Wednesday, February 18, 2015

Poverty and the Wisconsin School Report Cards


Wisconsin Data
     Wealthiest Counties and % Poverty                                         

Waukesha
4.4
Ozaukee
4.5
Washington
5.4

 


·      There are a total of 33 public school districts in the wealthiest counties. 
·      The three county average School District Score was a 77.4 
·      The School Report Card scores for those districts range from Herman @ 64.6 to Swallow @ 88. 

o Eight of the school districts were in the Meet Expectations Category (53-72.9), Nineteen districts were in the Exceeds Expectations Category (73-82.9), and Six were in the Significantly Exceeds Expectations Category (83+).
o   The eight districts scoring @ Meets Expectations had a combined average poverty rate of 32%. 
o   The six districts scoring @ Significantly Exceeds Expectations had a combined average poverty rate of 7.8%
 
This is key: Even within the wealthiest counties the disparity can be significant.  Waukesha, Hartford Jt.1, and Herman each had poverty rates above 35%, while North Lake, Swallow, and Cedarburg had poverty rates between 0-8%.
 
        Poorest Counties and % Poverty

Menominee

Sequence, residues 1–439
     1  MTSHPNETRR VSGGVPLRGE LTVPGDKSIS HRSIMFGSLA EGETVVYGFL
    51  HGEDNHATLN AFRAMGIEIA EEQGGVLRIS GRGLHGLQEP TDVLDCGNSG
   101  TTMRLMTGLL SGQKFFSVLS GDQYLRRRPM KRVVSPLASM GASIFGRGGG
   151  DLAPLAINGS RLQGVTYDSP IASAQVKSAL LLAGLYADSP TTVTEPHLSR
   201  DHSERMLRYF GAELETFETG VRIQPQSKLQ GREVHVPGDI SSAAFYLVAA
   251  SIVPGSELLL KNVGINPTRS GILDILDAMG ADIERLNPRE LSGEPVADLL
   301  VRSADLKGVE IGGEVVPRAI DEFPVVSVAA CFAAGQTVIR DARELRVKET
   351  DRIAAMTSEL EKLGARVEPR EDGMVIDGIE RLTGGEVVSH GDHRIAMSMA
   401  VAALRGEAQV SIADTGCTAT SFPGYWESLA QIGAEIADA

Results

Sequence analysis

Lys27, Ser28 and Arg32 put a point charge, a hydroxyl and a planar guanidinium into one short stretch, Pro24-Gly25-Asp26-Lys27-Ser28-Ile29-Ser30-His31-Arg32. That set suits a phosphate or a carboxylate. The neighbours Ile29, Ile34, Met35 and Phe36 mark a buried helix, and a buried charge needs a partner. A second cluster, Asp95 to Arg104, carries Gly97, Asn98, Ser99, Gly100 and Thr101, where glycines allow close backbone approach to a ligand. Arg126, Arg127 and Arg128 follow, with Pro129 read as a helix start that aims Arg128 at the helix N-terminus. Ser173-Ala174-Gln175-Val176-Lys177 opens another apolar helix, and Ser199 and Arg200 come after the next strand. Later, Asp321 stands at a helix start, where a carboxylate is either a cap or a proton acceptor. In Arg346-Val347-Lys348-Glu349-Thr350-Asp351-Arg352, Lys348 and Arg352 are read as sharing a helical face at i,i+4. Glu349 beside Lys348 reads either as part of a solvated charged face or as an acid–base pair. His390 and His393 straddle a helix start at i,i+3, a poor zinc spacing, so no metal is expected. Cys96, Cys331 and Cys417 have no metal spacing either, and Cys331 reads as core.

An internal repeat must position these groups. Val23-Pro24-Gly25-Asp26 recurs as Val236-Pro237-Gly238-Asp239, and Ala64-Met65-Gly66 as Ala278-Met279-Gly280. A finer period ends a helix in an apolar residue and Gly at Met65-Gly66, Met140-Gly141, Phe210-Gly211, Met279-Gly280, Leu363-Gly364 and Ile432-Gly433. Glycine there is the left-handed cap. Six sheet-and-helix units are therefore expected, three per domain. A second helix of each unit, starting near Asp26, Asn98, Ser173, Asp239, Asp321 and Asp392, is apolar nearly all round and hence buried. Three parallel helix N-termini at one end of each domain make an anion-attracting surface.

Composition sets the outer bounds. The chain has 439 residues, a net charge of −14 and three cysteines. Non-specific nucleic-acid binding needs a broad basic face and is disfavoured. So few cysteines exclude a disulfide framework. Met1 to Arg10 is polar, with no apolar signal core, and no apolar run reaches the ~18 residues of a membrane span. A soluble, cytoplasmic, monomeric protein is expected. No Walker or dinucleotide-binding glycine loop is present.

31
Sawyer
20
Forest
18.9
Ashland
18.6

 

  

·      There are a total of 12 public school districts in the poorest counties. 
·      The four county average School District Score was a 66.1
·      The School Report Card scores for those districts range from Bowler @ 58.4 to Chequamegon @ 72.3. 

o   All of the districts in the poorest counties were in the Meets Expectations Category.
o   The three districts with the lowest scores had a combined average poverty rate of 66.6%. 
o   The three districts with the highest scores had a combined average poverty rate of 54%.
 
I celebrate the great work that is being done in these high poverty schools to still score in a range that meets the high expectations that Wisconsin has for public schools.  I congratulate the great work that is being done in the low poverty schools to exceed those high expectations
There are many people who argue that poverty is not a factor in determining school performance.  Opinions are fine, but opinions based on actual evidence are golden.  I think poverty is a huge factor in determining school performance and I’ve provided data that supports my belief.  High poverty schools can do great work, but the School District Report Card System is rigged against them. 
Want to offer a different view?  OK, show me your data.

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